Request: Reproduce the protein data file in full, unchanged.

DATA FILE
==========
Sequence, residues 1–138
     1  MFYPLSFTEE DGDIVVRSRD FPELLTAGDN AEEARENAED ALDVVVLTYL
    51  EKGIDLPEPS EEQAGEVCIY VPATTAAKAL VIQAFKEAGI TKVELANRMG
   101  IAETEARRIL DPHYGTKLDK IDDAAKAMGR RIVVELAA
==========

Sequence, residues 1–138
     1  MFYPLSFTEE DGDIVVRSRD FPELLTAGDN AEEARENAED ALDVVVLTYL
    51  EKGIDLPEPS EEQAGEVCIY VPATTAAKAL VIQAFKEAGI TKVELANRMG
   101  IAETEARRIL DPHYGTKLDK IDDAAKAMGR RIVVELAA